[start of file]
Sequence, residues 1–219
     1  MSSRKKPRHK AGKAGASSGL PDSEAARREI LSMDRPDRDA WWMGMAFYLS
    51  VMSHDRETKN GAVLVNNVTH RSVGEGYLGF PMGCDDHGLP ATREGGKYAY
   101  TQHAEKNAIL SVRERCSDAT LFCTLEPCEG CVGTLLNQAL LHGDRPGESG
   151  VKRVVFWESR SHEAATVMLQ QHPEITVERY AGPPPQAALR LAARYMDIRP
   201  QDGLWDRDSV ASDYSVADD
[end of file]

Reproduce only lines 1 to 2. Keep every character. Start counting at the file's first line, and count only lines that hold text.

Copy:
Sequence, residues 1–219
     1  MSSRKKPRHK AGKAGASSGL PDSEAARREI LSMDRPDRDA WWMGMAFYLS